Plan a Visit
Revolution celebrates the spectacular history of computing, from mysterious
ancient devices to technologies of the future. Journey through 19 alcoves, each dedicated to a different aspect of computing and featuring an iconic object.
Discover, in our multi-media displays, the back-stories, development drama, and astonishing breakthroughs of the gadgets, gurus and companies you love or love to hate.
Write your name on the podium from the original Jeopardy! stage set
where Watson debuted. Take your Jeopardy! photo. Play Jeopardy! with a simulated version of Watson. Learn about Watson and cognitive computing.
All at the Computer History Museum through May 2014.
In 2011, the Watson computing system made history on the quiz show Jeopardy! by besting the show's two greatest champions in a televised exhibition match.
Watson received the first prize of $1 million.
The IBM 1401 was introduced in 1959. It’s impact was dramatic. By the mid-1960s, nearly half the computers
in the world were IBM 1401s. The 1401 was relatively inexpensive, simple yet powerful, and easily expandable. For businesses it was the perfect solution
and provided a way forward form punched card mechanical processing to modern, electronic computing.
This one-ton "minicomputer" designed in 1959 by Digital Equipment Corporation, captivated an early generation
of hackers with revolutionary real-time capability, interactivity, graphics and an addictive game, SpaceWar! See demonstrations of the box that made Rolling
Stone Magazine rave, "Ready or not. Computers are coming to the people."
Since 2007, Google Maps with Street View has transformed our ideas about going places, from faraway lands to
a restaurant across town. Visitors will get to sit inside a Street View car, ride a Street View trike, hear behind the scenes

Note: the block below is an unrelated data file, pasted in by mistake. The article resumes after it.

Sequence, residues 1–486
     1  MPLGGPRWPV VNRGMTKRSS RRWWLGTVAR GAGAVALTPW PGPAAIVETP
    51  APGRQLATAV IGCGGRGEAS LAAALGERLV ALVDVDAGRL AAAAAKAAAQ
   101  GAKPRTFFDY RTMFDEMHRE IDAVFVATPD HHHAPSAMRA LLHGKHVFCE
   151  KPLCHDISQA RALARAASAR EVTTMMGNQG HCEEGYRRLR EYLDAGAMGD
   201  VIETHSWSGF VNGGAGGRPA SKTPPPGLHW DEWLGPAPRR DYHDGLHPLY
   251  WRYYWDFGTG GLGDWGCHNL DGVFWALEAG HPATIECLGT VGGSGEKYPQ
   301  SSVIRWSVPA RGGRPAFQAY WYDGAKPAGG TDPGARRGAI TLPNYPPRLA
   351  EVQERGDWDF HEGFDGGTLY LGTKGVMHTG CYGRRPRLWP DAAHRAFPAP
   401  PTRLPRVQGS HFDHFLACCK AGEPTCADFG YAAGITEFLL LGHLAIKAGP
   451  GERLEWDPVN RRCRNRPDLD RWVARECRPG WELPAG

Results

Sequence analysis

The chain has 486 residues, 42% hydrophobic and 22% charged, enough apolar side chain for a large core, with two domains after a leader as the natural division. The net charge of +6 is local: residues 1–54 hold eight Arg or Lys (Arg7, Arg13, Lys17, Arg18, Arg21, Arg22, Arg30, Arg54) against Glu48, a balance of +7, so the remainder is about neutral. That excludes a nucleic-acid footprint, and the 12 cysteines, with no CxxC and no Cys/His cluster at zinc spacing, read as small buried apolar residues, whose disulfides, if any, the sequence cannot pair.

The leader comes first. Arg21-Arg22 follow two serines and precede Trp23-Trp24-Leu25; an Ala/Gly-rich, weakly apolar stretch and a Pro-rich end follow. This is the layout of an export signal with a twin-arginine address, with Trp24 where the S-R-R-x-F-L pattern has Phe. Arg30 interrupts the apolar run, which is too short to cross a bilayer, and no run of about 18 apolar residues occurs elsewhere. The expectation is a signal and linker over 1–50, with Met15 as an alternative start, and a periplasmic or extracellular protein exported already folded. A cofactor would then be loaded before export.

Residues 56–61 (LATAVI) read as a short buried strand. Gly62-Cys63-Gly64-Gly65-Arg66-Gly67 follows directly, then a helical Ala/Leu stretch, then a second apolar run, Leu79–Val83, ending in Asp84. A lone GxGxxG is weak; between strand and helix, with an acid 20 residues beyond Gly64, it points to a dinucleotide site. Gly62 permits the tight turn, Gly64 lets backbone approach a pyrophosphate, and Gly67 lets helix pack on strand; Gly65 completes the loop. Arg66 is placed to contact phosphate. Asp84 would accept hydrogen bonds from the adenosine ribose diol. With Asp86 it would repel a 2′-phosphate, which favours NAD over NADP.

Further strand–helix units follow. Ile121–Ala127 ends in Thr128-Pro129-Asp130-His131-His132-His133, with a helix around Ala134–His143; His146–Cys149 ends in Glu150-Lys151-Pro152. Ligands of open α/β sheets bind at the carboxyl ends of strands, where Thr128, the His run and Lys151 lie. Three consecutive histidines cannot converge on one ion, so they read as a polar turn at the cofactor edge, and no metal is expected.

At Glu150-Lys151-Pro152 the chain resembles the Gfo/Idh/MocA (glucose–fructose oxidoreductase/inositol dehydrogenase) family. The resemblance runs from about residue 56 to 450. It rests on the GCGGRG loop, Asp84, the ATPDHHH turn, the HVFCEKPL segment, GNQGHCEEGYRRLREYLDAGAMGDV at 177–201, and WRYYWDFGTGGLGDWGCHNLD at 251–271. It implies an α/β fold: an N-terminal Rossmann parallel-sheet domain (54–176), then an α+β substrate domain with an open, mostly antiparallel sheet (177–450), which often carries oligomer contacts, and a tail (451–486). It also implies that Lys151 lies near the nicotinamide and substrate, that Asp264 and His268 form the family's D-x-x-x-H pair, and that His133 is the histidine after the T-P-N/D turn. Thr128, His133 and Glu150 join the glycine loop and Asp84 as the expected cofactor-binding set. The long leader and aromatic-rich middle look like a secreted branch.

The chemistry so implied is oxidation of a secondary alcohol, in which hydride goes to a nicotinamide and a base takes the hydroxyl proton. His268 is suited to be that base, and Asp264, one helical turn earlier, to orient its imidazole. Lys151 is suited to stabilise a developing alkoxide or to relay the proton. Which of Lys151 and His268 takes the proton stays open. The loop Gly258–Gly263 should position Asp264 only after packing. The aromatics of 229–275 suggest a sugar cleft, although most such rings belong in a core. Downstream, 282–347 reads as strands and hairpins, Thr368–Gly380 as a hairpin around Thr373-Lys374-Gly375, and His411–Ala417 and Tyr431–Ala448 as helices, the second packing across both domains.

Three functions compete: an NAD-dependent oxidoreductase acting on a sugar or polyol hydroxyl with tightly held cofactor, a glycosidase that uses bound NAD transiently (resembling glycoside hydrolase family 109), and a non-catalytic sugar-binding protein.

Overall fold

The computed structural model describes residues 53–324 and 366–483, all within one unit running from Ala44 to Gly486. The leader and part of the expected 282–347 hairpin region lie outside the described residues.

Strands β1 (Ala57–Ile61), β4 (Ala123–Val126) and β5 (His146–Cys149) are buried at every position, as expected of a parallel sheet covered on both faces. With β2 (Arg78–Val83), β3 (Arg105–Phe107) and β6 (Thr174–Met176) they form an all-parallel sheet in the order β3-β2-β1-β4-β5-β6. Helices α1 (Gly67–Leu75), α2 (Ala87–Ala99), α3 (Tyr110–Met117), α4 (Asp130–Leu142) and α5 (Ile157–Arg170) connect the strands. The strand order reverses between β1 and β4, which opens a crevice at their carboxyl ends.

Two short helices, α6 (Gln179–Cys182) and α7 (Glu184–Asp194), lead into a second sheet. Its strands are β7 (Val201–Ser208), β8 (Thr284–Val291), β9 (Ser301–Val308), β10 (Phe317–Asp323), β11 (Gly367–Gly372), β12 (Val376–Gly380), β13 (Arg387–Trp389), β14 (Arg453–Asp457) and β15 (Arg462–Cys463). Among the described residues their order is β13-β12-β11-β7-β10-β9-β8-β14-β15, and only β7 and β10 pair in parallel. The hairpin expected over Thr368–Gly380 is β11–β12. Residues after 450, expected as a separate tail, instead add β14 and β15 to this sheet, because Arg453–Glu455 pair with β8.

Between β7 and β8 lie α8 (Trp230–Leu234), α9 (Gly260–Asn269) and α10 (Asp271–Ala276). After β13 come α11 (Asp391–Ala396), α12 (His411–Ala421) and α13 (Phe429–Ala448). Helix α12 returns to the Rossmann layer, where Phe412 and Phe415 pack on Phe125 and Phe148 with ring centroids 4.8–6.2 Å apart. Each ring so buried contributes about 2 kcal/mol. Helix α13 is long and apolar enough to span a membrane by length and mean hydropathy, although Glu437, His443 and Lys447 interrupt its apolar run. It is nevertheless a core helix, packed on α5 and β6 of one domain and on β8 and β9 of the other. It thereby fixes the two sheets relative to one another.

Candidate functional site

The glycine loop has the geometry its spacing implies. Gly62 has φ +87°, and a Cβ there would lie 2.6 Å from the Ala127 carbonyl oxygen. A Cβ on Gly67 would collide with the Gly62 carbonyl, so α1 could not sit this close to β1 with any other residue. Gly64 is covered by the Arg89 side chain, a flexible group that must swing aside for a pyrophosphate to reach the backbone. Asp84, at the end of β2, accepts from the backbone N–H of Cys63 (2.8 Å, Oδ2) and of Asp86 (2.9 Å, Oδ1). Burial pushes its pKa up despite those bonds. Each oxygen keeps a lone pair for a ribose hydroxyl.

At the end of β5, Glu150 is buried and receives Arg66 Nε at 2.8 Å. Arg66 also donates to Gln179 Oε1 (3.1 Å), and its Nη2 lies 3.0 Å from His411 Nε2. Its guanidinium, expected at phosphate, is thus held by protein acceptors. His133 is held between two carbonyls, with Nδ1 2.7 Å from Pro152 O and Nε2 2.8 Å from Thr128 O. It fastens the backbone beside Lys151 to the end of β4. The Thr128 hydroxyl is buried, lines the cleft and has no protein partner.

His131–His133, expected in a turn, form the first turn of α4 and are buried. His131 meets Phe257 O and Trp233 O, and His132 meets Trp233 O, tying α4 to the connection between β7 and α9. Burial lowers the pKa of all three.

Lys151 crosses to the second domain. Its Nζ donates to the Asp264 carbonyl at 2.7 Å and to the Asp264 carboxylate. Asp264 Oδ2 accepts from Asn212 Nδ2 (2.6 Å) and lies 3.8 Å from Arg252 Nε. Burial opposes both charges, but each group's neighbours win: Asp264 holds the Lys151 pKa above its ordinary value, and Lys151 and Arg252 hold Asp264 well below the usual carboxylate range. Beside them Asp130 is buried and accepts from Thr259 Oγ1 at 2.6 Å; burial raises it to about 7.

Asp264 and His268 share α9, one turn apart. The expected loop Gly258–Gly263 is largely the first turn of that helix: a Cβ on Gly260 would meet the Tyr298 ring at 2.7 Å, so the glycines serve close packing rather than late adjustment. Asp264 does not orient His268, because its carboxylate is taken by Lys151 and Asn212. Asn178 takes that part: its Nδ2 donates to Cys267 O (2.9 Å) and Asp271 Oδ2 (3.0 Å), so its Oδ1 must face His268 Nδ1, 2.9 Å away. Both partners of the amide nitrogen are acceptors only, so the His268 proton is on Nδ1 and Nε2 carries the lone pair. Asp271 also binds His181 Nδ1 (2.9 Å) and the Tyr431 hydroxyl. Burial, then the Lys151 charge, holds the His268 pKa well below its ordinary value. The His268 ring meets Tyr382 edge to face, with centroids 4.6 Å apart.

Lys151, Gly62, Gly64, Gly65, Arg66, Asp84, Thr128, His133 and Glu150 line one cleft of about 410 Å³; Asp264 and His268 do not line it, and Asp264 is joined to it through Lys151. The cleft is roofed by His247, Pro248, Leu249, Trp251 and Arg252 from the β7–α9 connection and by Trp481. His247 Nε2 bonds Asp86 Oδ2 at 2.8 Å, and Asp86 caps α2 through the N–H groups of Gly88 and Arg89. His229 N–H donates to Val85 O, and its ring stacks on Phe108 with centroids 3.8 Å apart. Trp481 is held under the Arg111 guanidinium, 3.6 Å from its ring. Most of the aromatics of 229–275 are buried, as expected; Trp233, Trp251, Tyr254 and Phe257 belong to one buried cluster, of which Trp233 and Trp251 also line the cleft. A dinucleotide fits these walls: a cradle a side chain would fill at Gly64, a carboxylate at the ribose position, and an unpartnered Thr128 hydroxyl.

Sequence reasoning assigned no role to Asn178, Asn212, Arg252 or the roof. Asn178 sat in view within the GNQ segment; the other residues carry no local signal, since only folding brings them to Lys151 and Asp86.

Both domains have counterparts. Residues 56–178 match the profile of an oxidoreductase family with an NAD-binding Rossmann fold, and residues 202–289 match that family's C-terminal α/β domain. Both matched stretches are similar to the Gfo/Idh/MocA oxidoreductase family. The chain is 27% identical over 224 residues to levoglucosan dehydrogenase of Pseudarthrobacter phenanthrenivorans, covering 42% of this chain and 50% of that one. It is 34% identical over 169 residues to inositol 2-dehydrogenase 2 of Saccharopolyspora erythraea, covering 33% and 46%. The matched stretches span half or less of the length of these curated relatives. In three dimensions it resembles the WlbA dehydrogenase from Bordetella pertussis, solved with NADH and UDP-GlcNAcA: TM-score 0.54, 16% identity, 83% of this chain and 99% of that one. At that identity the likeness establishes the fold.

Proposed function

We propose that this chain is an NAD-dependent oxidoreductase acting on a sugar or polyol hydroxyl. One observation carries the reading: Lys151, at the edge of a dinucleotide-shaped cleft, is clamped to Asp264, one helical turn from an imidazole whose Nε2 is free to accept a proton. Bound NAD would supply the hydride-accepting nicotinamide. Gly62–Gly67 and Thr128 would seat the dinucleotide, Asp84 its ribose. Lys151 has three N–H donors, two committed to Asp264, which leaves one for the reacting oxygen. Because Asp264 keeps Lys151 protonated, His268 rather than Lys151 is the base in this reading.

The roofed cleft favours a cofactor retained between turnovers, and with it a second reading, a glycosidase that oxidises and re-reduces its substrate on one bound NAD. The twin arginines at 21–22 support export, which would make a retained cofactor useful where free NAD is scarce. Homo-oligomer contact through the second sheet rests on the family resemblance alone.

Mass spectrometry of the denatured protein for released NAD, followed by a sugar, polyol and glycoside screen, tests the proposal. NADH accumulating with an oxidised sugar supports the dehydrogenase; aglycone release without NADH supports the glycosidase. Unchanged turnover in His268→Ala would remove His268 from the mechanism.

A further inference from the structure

stories from the Google Street view team and learn about vintage street views, including the revolutionary Aspen Movie Map project from 1978.
The HP Garage. The Apple Garage. The Google Garage. The Facebook House. It all happened here in Silicon Valley!
Visit the museum and experience a one-of-kind immersive geographic tour highlighting the history of Silicon Valley on the Google Liquid Galaxy platform.
This cluster of computers running Google Earth, Maps and Street View is a visually stunning, visitor controlled large-scale 5 panel surround screen environment.
You have never experience Silicon Valley like this before.
This exhibit is made possible through the generosity of Google.
A 150-year old computer? In 1834, Charles Babbage designed "Difference Engine No. 2", an automatic
computing engine, but failed to build it. He died insisting future generations would prove his idea was sound. See it here,
faithfully built to plan in 1991 – and functioning exactly as predicted.
Plan your visit
There is a lot to see and do at the Museum. Docent-led tours and demonstrations occur on a daily basis, please call 650.810.1010
for the daily schedule.
Use the information and tools below to plan your visit and make the most of your time with us.
Silicon Valley Highlights
Discovery Deck For Families
Tips for Families
Computer History Museum in your pocket! Download our new free mobile app using Guidebook
Funding for the Guidebook application was made possible by
Museum visitors are encouraged to tweet their photos with Watson using #IBMWatson